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    Lewis Carroll rhymed rations with quotations in The Hunting of the Snark.
    – Colin Fine
    Feb 24, 2023 at 21:59
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    @ColinFine — I wouldn't put it past good ol’ Lewis to pronounce it quo-tash-uns to rhyme with rash-uns. Feb 25, 2023 at 6:18
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    @TinfoilHat: He'd do that sort of thing on occasion, but only when he was making a point of the wordplay. He wouldn't drop it in there.
    – Colin Fine
    Feb 25, 2023 at 11:55
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    @TinfoilHat, @ ColinFine: off-topic, but hard to resist quoting my favourite rhyme from Carroll: “The hues of life are dull and gray, // The sweets of life insipid, // When thou, my charmer, art away— // Old brick, or rather, let me say, // Old parallelepiped!” (from Phantasmagoria)
    – PLL
    Feb 26, 2023 at 10:46
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    I wonder if it's from French, like materiel. «Ration» is pronounced /ʁasjɔ̃ / in French, which some dialects might render as [ʁaʃjõ].
    – wjandrea
    Feb 26, 2023 at 17:51

As Merriam-Webster notes, "ration" has two alternate pronunciations, one of which rhymes with "station." Dictionary.com lists the pronunciations in IPA as /'ræʃ.ən/ and /ˈreɪ.ʃən/, the latter of which rhymes with "station" (/'steɪ.ʃən/).

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    And the one that rhymes with station is the most common in the US, both as a noun and a verb. The one that rhymes with passion is less common. Of course, the concept and therefore the word are rare because old-fashioned. Feb 24, 2023 at 19:27
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    @JohnLawler Do you mean most common in the UK? I'm in the US and have only heard the version rhyming with passion.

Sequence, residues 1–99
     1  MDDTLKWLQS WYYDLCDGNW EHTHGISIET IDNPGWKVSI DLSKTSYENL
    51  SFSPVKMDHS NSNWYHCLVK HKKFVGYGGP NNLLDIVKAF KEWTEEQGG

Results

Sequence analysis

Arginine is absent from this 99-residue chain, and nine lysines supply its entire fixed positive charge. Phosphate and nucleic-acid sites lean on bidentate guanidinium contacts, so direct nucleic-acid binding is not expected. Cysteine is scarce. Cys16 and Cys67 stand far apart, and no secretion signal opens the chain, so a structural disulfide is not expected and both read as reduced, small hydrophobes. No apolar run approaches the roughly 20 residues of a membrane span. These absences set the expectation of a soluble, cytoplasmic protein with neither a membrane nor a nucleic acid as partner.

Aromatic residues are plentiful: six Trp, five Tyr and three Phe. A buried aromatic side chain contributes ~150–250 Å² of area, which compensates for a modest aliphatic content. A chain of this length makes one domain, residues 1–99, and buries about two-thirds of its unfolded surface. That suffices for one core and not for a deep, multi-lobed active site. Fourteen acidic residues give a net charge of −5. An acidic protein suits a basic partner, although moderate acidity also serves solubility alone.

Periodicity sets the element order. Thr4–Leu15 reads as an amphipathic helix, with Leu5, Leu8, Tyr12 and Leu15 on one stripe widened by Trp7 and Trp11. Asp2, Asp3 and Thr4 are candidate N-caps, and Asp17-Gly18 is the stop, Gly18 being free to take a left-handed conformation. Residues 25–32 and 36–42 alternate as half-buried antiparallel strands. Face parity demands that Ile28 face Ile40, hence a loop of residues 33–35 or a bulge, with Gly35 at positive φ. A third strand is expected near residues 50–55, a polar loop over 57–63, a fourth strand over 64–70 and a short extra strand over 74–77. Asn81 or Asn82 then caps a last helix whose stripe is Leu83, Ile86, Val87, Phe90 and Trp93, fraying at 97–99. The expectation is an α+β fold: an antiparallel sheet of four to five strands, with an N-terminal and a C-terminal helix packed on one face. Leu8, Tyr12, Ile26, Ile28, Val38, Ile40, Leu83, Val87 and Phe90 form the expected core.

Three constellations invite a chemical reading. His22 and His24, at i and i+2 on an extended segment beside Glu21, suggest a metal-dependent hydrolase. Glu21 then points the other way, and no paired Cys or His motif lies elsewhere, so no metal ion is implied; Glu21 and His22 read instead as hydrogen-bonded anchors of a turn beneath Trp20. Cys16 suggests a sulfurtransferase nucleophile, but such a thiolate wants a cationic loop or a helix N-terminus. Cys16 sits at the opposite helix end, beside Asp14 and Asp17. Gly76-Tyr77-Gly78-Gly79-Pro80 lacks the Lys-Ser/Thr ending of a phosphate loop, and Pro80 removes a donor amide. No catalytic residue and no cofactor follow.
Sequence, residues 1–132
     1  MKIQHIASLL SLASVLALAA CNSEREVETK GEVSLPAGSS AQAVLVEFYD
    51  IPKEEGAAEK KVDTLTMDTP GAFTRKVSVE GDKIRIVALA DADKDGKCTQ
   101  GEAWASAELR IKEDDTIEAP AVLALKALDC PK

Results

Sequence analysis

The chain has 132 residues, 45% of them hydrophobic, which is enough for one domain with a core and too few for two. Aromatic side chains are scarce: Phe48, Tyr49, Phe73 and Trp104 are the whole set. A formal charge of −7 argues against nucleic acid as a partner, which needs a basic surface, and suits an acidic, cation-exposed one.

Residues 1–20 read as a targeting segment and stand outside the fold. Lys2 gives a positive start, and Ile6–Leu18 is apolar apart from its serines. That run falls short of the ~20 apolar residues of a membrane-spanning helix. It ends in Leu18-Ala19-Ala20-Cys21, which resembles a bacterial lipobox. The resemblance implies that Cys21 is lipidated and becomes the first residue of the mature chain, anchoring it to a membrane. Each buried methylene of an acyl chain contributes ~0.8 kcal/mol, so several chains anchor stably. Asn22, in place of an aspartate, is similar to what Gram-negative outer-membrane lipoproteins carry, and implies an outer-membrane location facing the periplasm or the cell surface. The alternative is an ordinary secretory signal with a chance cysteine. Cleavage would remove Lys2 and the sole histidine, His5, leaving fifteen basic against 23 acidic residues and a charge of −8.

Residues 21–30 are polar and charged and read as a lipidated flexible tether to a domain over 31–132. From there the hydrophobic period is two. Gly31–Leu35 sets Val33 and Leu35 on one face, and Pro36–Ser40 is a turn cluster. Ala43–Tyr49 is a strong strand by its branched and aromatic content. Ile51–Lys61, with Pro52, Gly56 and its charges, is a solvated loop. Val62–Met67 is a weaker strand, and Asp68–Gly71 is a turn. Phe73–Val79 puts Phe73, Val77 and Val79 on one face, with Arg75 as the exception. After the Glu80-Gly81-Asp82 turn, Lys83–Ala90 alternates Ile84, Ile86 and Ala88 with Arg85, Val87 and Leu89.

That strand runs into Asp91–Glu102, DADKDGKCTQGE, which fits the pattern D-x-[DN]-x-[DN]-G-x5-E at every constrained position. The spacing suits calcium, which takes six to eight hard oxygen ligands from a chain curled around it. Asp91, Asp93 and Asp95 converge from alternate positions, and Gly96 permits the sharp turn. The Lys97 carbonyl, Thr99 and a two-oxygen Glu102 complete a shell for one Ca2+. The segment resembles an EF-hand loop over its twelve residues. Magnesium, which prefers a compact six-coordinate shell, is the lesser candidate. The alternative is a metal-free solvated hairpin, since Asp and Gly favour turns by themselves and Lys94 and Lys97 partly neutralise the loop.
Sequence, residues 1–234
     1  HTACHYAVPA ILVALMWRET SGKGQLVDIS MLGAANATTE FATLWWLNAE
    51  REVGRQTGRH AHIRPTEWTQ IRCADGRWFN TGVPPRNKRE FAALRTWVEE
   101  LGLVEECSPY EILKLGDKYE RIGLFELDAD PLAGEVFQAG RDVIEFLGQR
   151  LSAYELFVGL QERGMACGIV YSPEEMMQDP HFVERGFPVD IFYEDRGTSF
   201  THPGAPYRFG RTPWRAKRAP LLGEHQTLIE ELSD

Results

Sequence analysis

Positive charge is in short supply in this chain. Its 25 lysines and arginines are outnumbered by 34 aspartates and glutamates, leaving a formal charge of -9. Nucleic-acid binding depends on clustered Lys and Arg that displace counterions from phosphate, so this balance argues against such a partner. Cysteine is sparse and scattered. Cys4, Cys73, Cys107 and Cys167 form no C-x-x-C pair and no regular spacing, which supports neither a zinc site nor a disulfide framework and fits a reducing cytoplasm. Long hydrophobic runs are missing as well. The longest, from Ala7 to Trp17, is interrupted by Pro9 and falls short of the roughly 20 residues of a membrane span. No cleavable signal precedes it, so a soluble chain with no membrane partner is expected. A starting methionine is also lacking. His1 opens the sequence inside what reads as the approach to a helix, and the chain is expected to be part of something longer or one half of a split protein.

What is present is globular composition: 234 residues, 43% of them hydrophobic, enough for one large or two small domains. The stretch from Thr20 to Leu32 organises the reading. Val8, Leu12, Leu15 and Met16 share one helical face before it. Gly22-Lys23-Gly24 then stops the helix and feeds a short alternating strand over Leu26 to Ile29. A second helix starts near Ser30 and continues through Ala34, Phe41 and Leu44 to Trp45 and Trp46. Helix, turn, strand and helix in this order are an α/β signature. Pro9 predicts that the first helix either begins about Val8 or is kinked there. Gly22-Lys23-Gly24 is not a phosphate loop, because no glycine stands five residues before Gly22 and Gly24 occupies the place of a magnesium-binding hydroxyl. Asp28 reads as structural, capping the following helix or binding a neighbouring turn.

– alphabet
    Feb 24, 2023 at 19:30
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    @JohnLawler Huh. I'm in the Northeast US, in my 20s; I've never come across this pronunciation and didn't know about it until I looked it up. I've always heard it as rhyming with "passion." Rudyard Kipling (the author in question) was British, so clearly it isn't just in AmE.
    – alphabet
    Feb 24, 2023 at 19:36
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    @JohnLawler I'm in Ontario, and I've only ever heard it rhyming with "passion" as well.
    – joelw
    Feb 24, 2023 at 19:37
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    @JohnLawler: I think the pronunciation must be regional. I live in the Northeast, and while I've heard the pronunciation rhyming with nation, it usually rhymes with passion. Feb 24, 2023 at 20:07

As the other answers have noted, ration is sometimes pronounced similarly to station, nation, and the like. This is a pronunciation that's noted in some dictionaries.


So, I've looked through some of Kipling's other works and found the following line in The Masque of Plenty (13):

God bless the Squire
And all his rich relations
Who teach us poor people
We eat our proper rations --
We eat our proper rations,
In spite of inundations,
Malarial exhalations,
And casual starvations,